AS A LEADER of the Labor Party, Michael Foot is Britain's alternative prime minister. By profession a journalist, he has written a two-volume biography of Aneuran Bevan, has a reputation as an orator and a radical, and was recently referred to by The Washington Post's London correspondent as "an eccentric intellectual." If there is an eccentric streak, it may be more in his romanticism than in his interest in books, of which several of Britain's Labor Party leaders have been reasonably productive. R.H.S. Crossman's edition of Walter Bagehot on the British constitution, Anthony Crosland's The Future of Socialism and Roy Jenkins' studies of the House of Lords reform question and of Asquith all suggest how well they occupy their time in the years of opposition.

Michael Foot, son of the former Liberal M.P. and nonconformist lay peacher Isaac Foot (who became lord mayor of Plymouth after the Second World War) sprang from a background of intense but joyous puritanism and bibliophilia. In this collection of essays which delineate his intellectual, emotional and political debts to a variety of figures, Foot includes a brilliant portrait of his father. He tells us that whenever a member of the family left home, the loss was bearable because the liberated wall space could be used to give a complete room to Wordsworth or Milton or Montaigne or Napoleon or Johnson.

Michael's own political fame arose during the war when it became known that he was a coauthor of Guilty Men, surely one of the most devastating pamphlets of modern times. This scathing attack on the men of Munich did much to discredit the Conservative Party in British public opinion.

Foot owed his appointment as editor of the London Evening Standard to Lord Beaverbrook, the Canadian press baron who came to Britain in 1910 and wielded a far-reaching but obscure influence in British politics. (He had a powerful hand in making Lloyd George prime minister in 1916.) Through his morning paper, The Daily Express, Beaverbrook blazed out old-style British imperialism, "splendid isolation" and wholly unsubstantiated optimism. "There will be no war" he told his readers early in September 1939. Yet he has captivated more than one radically minded intellectual, and Foot writes a long, informative and closely observed account of him here as "The Case for Beelzebub."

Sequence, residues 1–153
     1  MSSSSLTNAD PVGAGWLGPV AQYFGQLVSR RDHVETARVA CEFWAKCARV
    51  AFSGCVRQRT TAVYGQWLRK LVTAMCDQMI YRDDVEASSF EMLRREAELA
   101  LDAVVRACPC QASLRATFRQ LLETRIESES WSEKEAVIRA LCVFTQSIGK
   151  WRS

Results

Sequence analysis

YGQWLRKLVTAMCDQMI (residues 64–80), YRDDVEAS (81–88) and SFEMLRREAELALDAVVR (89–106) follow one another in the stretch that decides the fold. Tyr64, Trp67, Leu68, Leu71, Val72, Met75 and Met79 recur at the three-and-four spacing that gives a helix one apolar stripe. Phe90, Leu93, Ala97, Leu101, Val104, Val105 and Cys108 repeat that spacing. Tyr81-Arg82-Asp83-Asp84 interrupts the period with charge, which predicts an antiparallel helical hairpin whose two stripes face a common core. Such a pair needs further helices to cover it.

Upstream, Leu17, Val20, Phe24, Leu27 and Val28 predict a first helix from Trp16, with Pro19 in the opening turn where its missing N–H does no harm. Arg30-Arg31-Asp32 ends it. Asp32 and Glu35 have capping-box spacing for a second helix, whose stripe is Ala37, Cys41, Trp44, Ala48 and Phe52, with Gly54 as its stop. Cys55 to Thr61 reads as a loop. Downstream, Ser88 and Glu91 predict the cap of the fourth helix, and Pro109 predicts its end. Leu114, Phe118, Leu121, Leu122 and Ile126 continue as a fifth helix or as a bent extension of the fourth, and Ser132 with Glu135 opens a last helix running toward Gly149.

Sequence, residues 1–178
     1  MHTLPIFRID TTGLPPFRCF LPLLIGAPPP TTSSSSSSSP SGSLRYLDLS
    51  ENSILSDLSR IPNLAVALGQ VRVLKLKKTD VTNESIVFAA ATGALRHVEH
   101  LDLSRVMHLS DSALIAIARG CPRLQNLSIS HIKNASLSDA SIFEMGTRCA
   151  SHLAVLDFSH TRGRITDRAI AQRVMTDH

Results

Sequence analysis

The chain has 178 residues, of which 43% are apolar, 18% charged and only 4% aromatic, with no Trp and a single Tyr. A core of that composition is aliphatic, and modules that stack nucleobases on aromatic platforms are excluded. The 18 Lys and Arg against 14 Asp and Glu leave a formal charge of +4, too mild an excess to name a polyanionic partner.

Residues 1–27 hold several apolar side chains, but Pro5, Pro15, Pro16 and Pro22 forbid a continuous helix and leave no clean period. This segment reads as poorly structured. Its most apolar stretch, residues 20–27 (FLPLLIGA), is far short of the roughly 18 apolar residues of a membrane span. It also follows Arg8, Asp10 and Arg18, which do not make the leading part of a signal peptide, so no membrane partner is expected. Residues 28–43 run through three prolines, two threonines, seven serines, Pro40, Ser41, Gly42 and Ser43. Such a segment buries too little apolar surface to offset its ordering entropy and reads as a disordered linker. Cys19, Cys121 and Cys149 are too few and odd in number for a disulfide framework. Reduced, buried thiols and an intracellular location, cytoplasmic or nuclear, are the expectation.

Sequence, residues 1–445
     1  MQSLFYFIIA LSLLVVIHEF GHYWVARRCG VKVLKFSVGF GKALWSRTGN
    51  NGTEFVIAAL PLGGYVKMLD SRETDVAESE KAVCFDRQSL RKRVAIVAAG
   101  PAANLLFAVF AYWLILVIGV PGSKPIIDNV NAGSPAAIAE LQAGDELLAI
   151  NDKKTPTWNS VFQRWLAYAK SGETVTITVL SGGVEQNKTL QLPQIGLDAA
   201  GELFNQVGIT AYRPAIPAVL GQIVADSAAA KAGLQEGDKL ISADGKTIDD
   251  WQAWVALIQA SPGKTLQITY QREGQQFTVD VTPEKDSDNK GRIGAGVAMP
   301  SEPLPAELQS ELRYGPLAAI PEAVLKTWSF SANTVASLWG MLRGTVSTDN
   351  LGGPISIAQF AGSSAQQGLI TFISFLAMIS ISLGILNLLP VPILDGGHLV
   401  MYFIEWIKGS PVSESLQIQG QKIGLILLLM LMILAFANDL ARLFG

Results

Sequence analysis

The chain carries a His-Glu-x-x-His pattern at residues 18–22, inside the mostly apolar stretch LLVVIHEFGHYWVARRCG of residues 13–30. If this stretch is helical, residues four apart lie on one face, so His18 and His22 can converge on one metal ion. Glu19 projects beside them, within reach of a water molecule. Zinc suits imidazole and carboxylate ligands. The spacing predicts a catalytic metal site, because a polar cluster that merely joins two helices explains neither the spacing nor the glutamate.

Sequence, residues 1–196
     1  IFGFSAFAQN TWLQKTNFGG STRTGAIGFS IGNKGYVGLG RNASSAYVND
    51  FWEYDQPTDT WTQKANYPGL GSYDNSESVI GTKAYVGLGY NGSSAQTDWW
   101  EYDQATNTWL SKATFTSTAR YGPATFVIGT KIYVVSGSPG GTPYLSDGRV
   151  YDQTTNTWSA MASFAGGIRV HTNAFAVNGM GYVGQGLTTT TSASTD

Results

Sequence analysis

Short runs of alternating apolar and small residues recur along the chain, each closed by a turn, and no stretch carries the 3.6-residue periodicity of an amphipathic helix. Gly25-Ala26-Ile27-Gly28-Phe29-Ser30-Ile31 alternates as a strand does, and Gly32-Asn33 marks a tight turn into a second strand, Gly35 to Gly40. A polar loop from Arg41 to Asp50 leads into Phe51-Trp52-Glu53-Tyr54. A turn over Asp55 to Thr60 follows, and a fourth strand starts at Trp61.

Beaverbrook had great tolerance for those who disagreed with him if their work was good. He allowed complete freedom to David Low, the most famous cartoonist of his age, who differed from the Standard's politics in every way and actually made fun of the boss through Colonel Blimp's Turkish bath utterances, usually beginning, "Gad, sir, Lord Beaverbrook is right. . . ." Foot here confirms A.J.P. Taylor's story that when the left- wing Tribune was in desperate financial trouble and Foot (by then its editor) went to him for help, the old Tory imperialist gave him s3,000. From a greater distance he admits that Beaverbrook could look less attractive. If not with much personal affection, Foot writes about him with a strain of sympathy, elicited by the streak of radicalism he finds in the Canadian intruder with his scorn for the pomposities of unearned privilege.

This theme suggests a link connecting many of the political and literary heroes to whom Foot here repays his obligations. There are long, perceptive studies of Hazlitt, Disraeli and Swift. He is certainly not going on record to approve the politics of the latter two; but in each he finds a streak of the brilliant outsider's skepticism of settled establishments and a capacity for indignation against injustice.

As an intense believer in the rights of women it seems strange that he has no female debts and only by indirection (at his wife's instigation, it seems!) introduces a heroine in the person of the Duchess of Marlborough. He apprecitates male authors, among whom he includes Defoe and Disraeli, who are not afraid to express their obligations to women and to defend their interests. He goes to some lengths to defend Swift against the familiar charges of bitterness, cruelty and eventual insanity. Foot (whose earlier book, The Pen and the Sword deals with this period) makes a powerful case for Swift's sense of humor, his concern for others and his capacity for friendship.

When one reminds oneself that the author is a Labor leader, the book's most curious aspect is the total absence of heroes from the British working class. The truth is that the emotional sources of Foot's radicalism lie in the age of romantic reform that actually precedes the emergence of heavy industry and the modern working class movement. His father admired Burke, Cromwell and Lincoln; Michael loves Hazlitt, Shelley and Godwin (but Mary Wollstonecraft appears only as Godwin's wife). His admiration for the romantic revolutionary, H.N. Brailsford, one of the leading socialist writers of this century, is wholly consistent with this style. He also deeply admires only one foreigner--the Italian socialist Ignazio Silone.

This is a dashingly--at times brilliantly--written little book which tells much we may soon want to know about a man for whom history, literature and politics are inseparable and who may yet be a prime minister.